3. Guest blog posts- A great way to drive traffic to your own website and to boost your search engine rankings is to contribute articles to other peoples’ sites. Find some simpatico folks and ask if you can write a piece for their blog. Or do a blog exchange and trade articles.

4. Plan your book launch event early- Signings are ok, but readings are best! Plan an awesome event that combines a reading with a signing and Q&A opportunity. Go ahead, strut your stuff. (For more info, check out our article “How to Throw a Book Launch Party That Isn’t a Waste of Time.“)

5. Hold a social media contest or giveaway- People love prizes, and they love to share tweets and Facebook posts about contests. Have some fun; use social media to interact with your fans and give away some copies of your book.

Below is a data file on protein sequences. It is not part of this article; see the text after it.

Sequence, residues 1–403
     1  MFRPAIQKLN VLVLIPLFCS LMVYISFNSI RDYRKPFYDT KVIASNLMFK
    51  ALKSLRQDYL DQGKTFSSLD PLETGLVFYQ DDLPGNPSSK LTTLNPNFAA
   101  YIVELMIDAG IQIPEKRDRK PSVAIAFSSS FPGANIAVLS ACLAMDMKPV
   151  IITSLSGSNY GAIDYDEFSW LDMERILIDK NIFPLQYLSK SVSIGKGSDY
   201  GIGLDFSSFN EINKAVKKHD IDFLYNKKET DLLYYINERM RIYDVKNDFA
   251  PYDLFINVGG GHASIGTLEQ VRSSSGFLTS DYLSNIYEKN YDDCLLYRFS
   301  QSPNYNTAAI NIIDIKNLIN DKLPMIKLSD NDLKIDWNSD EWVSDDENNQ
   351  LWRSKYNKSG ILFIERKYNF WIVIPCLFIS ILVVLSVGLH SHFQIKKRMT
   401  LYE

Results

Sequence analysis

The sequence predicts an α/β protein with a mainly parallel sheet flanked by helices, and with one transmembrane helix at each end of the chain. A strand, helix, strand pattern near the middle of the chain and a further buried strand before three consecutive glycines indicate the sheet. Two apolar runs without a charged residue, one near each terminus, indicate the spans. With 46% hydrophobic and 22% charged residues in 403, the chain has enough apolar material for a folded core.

6. Do radio interview, and lots of ’em- Getting radio exposure might sound daunting, but there are countless internet, community, and college radio stations that are happy to interview writers. News shows may be interested in your story to fill a couple minutes in their program. Other radio shows focus specifically on the arts or writing, and you might be able to get an hour of air time or more. For more information on approaching these stations, check out CD Baby’s Complete Guide to Radio Promotion. (It was written with musicians in mind, but the same principles apply).

7. Promote yourself in your email signature- You probably take your email signature for granted. But it’s valuable real estate. Make sure to include your contact info, your website and social media links, and maybe even a quote or blurb about your book!